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# 3D using OpenGL

```Creating 3D graphics via OpenGL and allegro 5 is fairly simple . Here's a short guide for the basic setup.
```

## Initializations for allegro

First of all declare an allegro display and initialize allegro:

```ALLEGRO_DISPLAY * display;
if(!al_init()){
fprintf(stderr, "failed to initialize allegro!\n");
return -1;
}

//Now you need to initialize an allegro display with the flags for OPENGL :

al_set_new_display_flags(ALLEGRO_OPENGL);
display = al_create_display(640, 480);
if(!display){
fprintf(stderr, "failed to create display!\n");
return -1;
}
```

That is it on the allegro side of things . OpenGL will automatically operate on the backbuffer of our display (so we only need to call al_flip_display(); after everything is drawn ).

Note that from here on out everything is pure OpenGL . Allegro only swaps the buffers and displays the image. That is not that scary thow - turns out that OpenGl is not that complicated (to use at least) .

## Setting up the OpenGL matrices

Basically OpenGL operates with objects in 3D space (described in points which have, as you could imagine ,3 coordinates : x,y,z). The objects get processed with a series of matrices (as they're "going through the pipeline" - the term that everyone loves using ). You need to know about 2 matrices + whatever you create . This system of processing is vital for speeding up the rendering . Why? Because the graphics processing units can do parallel operations which means applying a matrix to numerous points at once .

A matrix : you can dig into the mathematics of it but here's what you need to be able to use them :

They store the information for transforming an object by a certain model . Two basic types of transformations are translation and rotation :

-Translation simply means moving a point (respectively object) . glTranslate3f(0,20,0); is a func. to add this transformation to the current matrix (3f means 3 arguments type float). So everything that you draw after calling that func. will be with y+20 (as in higher) .

-Rotation is self explanatory . The math behind it is trickier than simple addition (as the prior example) but the principle's the same . You call glRotate and it applies itself on the current matrix , so that it affects all the objects described after that .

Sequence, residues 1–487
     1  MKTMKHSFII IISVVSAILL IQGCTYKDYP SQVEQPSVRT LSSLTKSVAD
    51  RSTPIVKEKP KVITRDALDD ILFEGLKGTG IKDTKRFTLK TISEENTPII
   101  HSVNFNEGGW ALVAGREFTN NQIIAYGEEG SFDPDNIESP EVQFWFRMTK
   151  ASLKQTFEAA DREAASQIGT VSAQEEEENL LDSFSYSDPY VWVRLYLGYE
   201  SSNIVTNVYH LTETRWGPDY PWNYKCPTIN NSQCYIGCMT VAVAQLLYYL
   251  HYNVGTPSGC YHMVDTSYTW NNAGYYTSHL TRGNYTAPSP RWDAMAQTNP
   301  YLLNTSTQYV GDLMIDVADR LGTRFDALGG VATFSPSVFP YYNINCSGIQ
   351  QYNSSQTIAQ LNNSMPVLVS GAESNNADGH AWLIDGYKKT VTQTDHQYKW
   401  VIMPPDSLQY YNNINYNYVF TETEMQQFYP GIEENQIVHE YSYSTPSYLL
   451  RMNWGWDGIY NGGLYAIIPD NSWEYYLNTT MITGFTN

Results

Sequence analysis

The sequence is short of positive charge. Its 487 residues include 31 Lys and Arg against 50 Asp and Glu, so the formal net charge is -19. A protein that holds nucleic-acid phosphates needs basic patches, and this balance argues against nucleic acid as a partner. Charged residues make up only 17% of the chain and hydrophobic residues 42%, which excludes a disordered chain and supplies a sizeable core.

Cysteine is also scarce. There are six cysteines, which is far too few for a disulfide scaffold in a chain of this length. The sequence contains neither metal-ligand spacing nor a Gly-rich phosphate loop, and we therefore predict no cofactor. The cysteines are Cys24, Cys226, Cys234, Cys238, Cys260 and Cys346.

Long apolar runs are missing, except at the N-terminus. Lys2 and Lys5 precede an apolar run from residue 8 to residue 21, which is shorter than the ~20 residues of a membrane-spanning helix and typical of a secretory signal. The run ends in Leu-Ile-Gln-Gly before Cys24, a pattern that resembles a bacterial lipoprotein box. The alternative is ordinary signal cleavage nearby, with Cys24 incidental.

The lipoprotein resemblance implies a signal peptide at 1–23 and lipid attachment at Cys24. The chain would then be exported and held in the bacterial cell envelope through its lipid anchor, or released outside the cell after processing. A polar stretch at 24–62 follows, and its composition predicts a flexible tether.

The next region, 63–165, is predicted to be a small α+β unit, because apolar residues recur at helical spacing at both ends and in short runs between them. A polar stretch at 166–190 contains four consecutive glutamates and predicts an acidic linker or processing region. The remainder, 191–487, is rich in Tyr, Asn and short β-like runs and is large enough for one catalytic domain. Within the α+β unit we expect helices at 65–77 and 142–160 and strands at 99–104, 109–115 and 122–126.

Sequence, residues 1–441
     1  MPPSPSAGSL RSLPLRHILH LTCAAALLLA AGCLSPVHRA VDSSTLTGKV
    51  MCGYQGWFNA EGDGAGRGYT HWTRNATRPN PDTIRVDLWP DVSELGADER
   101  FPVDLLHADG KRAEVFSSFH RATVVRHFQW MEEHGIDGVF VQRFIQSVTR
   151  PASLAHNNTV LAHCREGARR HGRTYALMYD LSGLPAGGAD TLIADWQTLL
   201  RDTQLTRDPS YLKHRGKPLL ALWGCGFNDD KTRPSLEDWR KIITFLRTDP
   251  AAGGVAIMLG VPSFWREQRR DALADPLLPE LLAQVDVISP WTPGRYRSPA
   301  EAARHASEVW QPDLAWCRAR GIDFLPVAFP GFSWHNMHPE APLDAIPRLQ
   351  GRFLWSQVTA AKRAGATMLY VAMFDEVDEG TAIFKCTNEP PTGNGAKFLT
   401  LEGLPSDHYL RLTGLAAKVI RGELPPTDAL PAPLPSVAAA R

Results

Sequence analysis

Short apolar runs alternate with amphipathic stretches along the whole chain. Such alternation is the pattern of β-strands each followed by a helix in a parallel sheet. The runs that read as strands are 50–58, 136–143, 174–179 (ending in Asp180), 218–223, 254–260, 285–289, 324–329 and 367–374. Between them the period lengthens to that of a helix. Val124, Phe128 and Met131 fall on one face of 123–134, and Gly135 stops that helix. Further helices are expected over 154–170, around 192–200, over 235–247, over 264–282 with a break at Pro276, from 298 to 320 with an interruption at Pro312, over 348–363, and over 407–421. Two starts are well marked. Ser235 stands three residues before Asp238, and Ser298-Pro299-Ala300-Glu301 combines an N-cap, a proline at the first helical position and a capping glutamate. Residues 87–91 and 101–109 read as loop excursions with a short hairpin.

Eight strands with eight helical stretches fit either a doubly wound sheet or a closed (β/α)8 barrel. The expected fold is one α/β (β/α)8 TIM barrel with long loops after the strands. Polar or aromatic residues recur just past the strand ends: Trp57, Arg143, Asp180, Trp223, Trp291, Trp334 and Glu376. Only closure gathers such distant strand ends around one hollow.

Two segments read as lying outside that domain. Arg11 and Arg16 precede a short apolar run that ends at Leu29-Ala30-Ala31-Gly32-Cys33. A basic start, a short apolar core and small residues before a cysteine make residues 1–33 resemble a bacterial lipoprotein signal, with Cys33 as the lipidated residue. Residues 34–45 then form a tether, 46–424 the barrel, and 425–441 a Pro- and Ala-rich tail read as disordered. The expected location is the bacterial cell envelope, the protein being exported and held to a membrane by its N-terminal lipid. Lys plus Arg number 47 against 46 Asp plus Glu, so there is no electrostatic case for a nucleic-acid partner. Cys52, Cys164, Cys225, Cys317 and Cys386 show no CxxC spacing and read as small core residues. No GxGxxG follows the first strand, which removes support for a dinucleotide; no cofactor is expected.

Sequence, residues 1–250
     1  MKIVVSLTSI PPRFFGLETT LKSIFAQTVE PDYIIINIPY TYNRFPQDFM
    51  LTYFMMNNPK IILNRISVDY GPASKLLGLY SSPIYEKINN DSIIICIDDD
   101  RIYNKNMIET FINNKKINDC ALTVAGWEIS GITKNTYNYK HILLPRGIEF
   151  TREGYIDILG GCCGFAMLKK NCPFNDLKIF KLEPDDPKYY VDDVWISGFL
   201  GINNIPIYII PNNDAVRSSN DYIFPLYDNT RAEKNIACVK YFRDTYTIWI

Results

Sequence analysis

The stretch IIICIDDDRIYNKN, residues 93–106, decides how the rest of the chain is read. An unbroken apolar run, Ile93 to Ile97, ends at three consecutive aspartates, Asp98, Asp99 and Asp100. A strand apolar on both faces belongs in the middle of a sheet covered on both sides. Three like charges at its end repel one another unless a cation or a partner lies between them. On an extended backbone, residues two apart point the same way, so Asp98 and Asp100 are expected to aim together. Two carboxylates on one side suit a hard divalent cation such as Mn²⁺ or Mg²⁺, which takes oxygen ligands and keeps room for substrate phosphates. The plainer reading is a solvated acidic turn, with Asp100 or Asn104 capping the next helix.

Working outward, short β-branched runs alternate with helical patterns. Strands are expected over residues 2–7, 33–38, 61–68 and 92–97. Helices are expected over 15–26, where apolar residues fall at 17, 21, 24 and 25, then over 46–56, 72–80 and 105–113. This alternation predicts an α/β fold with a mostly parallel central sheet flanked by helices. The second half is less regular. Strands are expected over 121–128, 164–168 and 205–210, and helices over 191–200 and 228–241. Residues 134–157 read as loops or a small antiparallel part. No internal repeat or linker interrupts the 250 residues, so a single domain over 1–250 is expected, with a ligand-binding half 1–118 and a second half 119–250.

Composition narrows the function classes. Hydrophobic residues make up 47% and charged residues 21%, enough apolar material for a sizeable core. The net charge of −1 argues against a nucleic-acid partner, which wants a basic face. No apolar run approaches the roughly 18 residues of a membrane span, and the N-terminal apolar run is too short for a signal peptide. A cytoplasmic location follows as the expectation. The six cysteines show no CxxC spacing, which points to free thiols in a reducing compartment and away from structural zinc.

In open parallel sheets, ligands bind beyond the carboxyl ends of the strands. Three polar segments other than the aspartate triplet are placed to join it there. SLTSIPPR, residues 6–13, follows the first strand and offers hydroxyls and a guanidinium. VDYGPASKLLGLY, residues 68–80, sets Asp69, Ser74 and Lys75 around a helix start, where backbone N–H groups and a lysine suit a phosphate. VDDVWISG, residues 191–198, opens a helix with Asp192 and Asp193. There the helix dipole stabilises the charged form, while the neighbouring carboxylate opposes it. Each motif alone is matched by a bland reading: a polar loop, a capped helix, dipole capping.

As mentioned before : the matrices that apply them selfs on the objects have an order . Lets imagine a stack of disks on your desk (disk=matrix) . When operating with them you take them 1 by 1 from top to bottom . OpenGL applies all matrices in top-bottom order when you draw an object (we'll get to that) . And when you use transformations they apply to the top matrix .

You need to know about two types of matrices that OpenGL applies to the objects that you will draw .

1.The projection matrix - it's the bottom matrix that has the information about the shape of the window that you'll display on (ratio (=Ratio ) of it's sides , clearly it rectangular) , the angle of sight of the imaginary camera (= Angle) and how far ahead would the camera see (=ClippingBorder1,ClippingBorder2 - the front and back border of sight)( if an object's out of that range it won't get drawn) . Here's how you set that matrix .

```glMatrixMode(GL_PROJECTION); //Open the projection matrix as current
glLoadIdentity(); //clear its contents to an identity matrix (which doesn't change anything when applied)
gluPerspective( Angle, Ratio, ClippingBorder1, ClippingBorder2);
//this function is from the very useful glu library .
//It configures the projection matrix to the desired parameters
```

2.The modelview matrix - In real life you move the camera to look at a model (object) . In OpenGl you move (recalculate the position of) the object to get a different view . If you look at your mouse from one angle and then from another or if you look at it from the first angle but rotate it properly it's the same thing .

``` That's what the modelview matrix is for it compensates the position of the camera with transformations on the model to get a proper view .
```

The properties of the camera that we haven't set with the projection matrix are : position , direction of sight and if it's tilted to some extent (the Up-Vector points to where is up for the camera).

Here's the setup:

```glMatrixMode(GL_MODELVIEW); //select the matrix

gluLookAt ( CameraX , CameraY, CameraZ, SceneX, SceneY, SceneZ, UpVectorApexX, UpVectorApexY, UpVectorApexZ );
//(the origin of the upvector is 0,0,0 so if you set it on 0,1,0 it's pointing up)

//So that function is again from glu , it applies the needed transformations to the modelview matrix without you bothering with that
```

## Drawing objects

So you have your matrices set and you want to draw something . The basic drawing with pure OpenGl is done via vectors between glBegin and glEnd:

```glBegin(GL_LINES); //lookup for more options but GL_LINES tels GL that you'll be supplying a series of lines (via points)

glVertex3f(0,0,0);
glVertex3f(30,30,30);

glEnd(); //this will draw a single line watched from the camera that we just set up
```

That way of creating objects is useful for understanding the mechanics but there are functions for drawing spheres ,cylinders etc. that will be more effective (lookup gluCylinder,gluSphere...).

If you want to move an object you can add a matrix to the pipeline (add a disk on the top of your stack) , draw an object (the pipeline processing is applied upon entering the vertexes ) , then throw the matrix away so it won't affect other objects :

```glPushMatrix();//add matrix to stack

glTranslate(x,y,z); //move the objects that you'll draw before you delete your matrix with x,y,z

glBegin(GL_LINES);

//...
//...

glEnd();

glPopMatrix(); // remove the matrix from the stack
```